Thursday, May 26, 2005

More vaccine blogging

As you can see by scrolling down this page, I posted a rather lengthy article yesterday about anti-vaccination "skepticism" on The Huffington Post. Coincidentally, Skeptico also posted a nice article on the very same day about Mercury in vaccines and chelation therapy. Through this article, I found a rather interesting blog, Autism Diva. It's a lovely counterpoint to most of the stuff on the Internet about autism in that it approaches the subject from a skeptical viewpoint and doesn't push all sorts of unproven altie therapies for autism. There's one post on the blog that gives an idea how much pseudoscientific quackery like chelation therapy for autism can cost the unfortunate parents of autistic children and another nice withering piece about the uselessness of chelation therapy for autism:
Autism Diva believes the whole chelation "cult" appears to be in some kind of trance wherein everyone agrees that chelation cures the kids, any improvement they make is always attributed to chelation. If it is a cultlike atmosphere, ones who don't see improvement will be afraid or too ashamed to speak up and say it isn't working for fear of being marked as apostates. Everyone in the "cult" sees the emperor fully clothed.
Amen.

She also has a nicely snarky piece on the Autism One conference in Chicago (which starts today), which features talks claiming that fermented foods can cure autism and that you can use "vibrational medicine" to treat autism, among other claims. The fact that David Kirby, author of Evidence of Harm, is the keynote speaker probably should tell you all you need to know about this conference. If that's not enough, Mark and David Geier are featured speakers, as is Dr. Andrew Wakefield, the investigator whose study claiming to find a link between MMR and autism was renounced by 10 its other co-authors as not showing any such link. If that doesn't convince you, then look at the list of abstracts. There are a couple of abstracts that look as though they might be legitimate science, but the vast majority do not. There's a whole lot of abstracts on mercury causing autism, treating autism with zinc, lowering your "toxic load" (a favorite altie term), etc.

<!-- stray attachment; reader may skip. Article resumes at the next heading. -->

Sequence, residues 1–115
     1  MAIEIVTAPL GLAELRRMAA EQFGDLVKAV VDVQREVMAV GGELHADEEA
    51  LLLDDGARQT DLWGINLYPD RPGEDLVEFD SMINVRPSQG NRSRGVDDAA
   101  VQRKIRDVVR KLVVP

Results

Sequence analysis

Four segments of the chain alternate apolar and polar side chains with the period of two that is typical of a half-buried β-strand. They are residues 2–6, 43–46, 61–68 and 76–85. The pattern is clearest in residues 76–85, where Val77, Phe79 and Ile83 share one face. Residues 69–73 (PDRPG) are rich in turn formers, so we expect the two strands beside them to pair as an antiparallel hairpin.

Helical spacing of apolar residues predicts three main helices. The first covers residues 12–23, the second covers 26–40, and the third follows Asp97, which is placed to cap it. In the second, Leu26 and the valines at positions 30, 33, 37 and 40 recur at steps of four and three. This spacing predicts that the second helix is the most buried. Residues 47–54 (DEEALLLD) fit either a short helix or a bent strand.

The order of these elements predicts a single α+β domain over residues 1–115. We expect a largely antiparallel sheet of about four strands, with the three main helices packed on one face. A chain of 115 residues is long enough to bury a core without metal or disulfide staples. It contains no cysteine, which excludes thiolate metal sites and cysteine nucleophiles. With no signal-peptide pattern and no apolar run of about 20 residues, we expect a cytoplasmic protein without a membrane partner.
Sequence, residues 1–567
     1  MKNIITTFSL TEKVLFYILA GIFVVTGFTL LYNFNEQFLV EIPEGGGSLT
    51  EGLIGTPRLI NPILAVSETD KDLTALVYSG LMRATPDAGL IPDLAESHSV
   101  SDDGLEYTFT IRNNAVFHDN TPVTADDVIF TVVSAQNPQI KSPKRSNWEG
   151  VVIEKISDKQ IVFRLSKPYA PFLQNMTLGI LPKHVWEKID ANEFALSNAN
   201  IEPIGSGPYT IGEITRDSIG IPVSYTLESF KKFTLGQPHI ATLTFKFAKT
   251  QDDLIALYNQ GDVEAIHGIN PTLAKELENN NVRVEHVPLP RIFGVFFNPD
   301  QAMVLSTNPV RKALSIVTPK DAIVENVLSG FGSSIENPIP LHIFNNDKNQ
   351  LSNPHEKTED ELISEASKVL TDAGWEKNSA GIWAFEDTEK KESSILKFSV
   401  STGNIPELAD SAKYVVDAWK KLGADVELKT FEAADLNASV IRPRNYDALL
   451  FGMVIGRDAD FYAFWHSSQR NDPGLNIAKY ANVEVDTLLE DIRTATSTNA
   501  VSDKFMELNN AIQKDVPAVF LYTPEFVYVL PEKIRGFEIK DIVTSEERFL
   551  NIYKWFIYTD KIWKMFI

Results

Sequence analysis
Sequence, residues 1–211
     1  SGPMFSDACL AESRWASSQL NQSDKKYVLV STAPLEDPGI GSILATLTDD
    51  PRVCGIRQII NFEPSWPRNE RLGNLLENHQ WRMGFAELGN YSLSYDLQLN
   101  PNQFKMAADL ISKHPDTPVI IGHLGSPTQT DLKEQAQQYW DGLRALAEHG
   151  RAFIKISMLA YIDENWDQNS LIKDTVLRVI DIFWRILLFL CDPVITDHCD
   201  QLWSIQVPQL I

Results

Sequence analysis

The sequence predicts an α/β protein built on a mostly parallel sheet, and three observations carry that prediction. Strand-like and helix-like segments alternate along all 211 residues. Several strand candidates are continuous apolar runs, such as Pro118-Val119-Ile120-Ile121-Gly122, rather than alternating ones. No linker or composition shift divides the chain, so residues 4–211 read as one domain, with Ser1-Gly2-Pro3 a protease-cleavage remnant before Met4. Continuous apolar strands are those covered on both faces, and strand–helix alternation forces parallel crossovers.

I'm going to add the Autism Diva to my blogroll this weekend when I do a little spring cleaning of the list this holiday weekend.

2 example(s) of insolence returned:


At 5/26/2005 2:51 PM, Anonymous gadfly said...

Yeah (said ponderously)....I don't think you want to call this a scientific conference. I knows they just listed speakers alphabetically, but when the first credentials you see are BA, MFA, it should add to the feeling of "maybe there could have been more hard science here".

 

At 5/26/2005 5:21 PM, Blogger Orac said...

Precisely why I never put the words "scientific" and "conference" together!

 

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